In his 2016 autobiography “Born to Run,” Bruce Springsteen wrote about his fondness for hitchhiking, and the fact that he did it often, as a young man in the ’60s.
“Every sort of rube, redneck, responsible citizen and hell-raiser the Jersey Shore had to offer, I rode with ’em,” he wrote. “I loved hitchhiking and meeting people. I miss it today.”
Western Stars, Springsteen’s new album — which will be released on June 14 – starts with a song, “Hitch Hikin’,” that evokes that enthusiasm, and the carefree days (“I follow the weather and the wind”) that are long behind him now. I don’t think it’s an accident that one of the cars mentioned in the song is a “souped-up ’72”: Springsteen was discovered and signed to Columbia Records in 1972, so that was a big coming-of-age year for him. In a sense, ’72 was his last year of innocence.
The gorgeous, consistently absorbing and only rarely innocent-sounding Western Stars is populated by the types of rubes, rednecks, responsible citizens and hell-raiser a hitchhiker might meet, in the course of a lifetime. It’s one of the most character-driven albums of Springsteen’s career, and pretty much devoid of anything resembling a rock anthem. Springsteen’s vocal delivery tends to be dry and deliberate, though it occasionally builds to a heartfelt croon.
It’s a musically cohesive album, with its rich, orchestral arrangements evoking ’60s and ’70s hits by Glen Campbell, Harry Nilsson, Burt Bacharach, Roy Orbison and others. It sounds, in other words, unlike any other Springsteen album (though there have been hints of this sound in songs such as”Girls in Their Summer Clothes,” “Secret Garden” and “Queen of the Supermarket”).
Lyrically, though, it very much continues themes that Springsteen has been developing throughout his 46 years as a recording artist. Some of the characters are born to run. Others are feeling the pulls of the ties that bind. Some are trying to find a balance between these two traits that coexist within themselves.
Springsteen signals that he knows he’s visited this thematic territory before by singing, on “The Wayfarer”:
Same sad story, love and glory goin’ ’round and ’round
Same old cliché, a wanderer on his way, slippin’ from town to town
Some find peace here on the sweet streets, the sweet streets of home
Where kindness falls and your heart calls for a permanent place of your own
Regrets? These characters have had a few. Or, as Springsteen sings in “Chasin’ Wild Horses”:
Guess it was somethin’ I shouldn’t have done
Guess I regret it now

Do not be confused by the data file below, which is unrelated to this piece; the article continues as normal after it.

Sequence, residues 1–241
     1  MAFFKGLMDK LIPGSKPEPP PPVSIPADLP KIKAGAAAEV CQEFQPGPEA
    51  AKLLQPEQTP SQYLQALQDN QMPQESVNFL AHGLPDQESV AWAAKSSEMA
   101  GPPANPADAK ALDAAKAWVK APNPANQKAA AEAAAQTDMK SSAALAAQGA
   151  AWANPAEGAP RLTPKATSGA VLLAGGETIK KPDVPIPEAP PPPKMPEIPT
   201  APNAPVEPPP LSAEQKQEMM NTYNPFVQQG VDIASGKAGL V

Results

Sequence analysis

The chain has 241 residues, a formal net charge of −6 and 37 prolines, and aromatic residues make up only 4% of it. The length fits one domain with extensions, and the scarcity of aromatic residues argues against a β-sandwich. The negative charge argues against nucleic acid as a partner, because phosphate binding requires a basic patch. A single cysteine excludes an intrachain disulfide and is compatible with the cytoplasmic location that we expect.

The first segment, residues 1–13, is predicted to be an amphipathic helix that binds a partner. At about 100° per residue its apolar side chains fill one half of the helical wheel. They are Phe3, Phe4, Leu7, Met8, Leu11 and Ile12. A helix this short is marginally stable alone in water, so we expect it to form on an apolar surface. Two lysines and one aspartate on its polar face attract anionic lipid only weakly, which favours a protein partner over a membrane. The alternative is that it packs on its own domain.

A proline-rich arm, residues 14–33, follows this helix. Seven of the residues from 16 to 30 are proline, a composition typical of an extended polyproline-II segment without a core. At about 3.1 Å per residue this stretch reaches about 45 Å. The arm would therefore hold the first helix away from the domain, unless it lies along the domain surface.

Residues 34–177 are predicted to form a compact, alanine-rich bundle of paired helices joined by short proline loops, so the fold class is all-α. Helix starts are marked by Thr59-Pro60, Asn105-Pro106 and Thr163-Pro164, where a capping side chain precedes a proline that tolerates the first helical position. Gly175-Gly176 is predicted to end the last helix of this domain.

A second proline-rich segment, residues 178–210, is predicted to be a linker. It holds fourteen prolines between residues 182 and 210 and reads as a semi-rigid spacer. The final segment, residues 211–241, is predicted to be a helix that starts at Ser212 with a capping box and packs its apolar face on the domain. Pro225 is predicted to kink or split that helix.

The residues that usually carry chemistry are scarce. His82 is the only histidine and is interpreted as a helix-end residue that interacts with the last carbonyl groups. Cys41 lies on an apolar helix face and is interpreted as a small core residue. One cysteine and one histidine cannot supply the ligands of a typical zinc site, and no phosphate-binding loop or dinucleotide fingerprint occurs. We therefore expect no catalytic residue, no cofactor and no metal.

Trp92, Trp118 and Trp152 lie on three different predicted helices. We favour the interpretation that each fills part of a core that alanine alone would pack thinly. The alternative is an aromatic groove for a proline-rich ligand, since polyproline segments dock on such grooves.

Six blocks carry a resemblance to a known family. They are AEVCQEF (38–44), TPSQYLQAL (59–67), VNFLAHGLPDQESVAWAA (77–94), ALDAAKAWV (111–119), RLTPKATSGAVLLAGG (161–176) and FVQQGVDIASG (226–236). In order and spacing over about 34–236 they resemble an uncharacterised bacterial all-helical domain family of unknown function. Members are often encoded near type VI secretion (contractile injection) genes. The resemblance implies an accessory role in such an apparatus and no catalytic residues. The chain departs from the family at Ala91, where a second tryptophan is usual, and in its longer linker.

Ever since I was a kid
Tryin’ to keep my temper down is like
Chasin’ wild horses
The album’s title has a double meaning, referring not only to celestial bodies but also, in the title track, to an actor in western movies, grown older now and living, to some extent, in the past. He is making ends meet by appearing in commercials, and enjoying the fact that people will buy him drinks because he was once killed by John Wayne in a movie. (In other words, he’s like the ex-high school baseball player in “Glory Days”).
Similarly, the resilient central character in “Drive Fast (The Stuntman)” has the scars to show for the physical chances he took in his profession. But even though he’s got a steel rod in his leg, he shrugs, “it walks me home.”
Not surprisingly, some of the most accessible songs already have been released. “Tucson Train” is a crisp, catchy song about starting over again. And “There Goes My Miracle” swells with larger-than-life emotion in a way that most of this generally understated album doesn’t.
It will be interesting to see what Springsteen does with these songs live, since they often sound more like something you’d hear on a movie soundtrack than at an arena-rock show. My guess is he’ll rearrange some of them rather than trying to reproduce them, note for note. But that’s really a question for another day. For now (or, I guess I should say, once the album comes out), just set aside some time so you can really focus on the music, maybe via headphones — so you can hear every small detail — and enjoy it.
I tend to view Springsteen’s recording career as two acts: 1973-1987 and 1992-2019 (nothing much came out between ’88 and ’91). Act I represents one of the most stunning creative surges in rock history; little in Act II comes close to the best songs and albums of Act I.
Yet Springsteen has had some moments of greatness in 1992-2019, too, and Western Stars, I believe, should be regarded as one of his best albums of that time period. And let me remind you, now, that Springsteen is 69 years old: I can’t think of another artist who has, at that age, released an album that has been so solid in its songwriting as well as such a big departure from the artist’s sonic norm.
To order the album, visit brucespringsteenstore.com.
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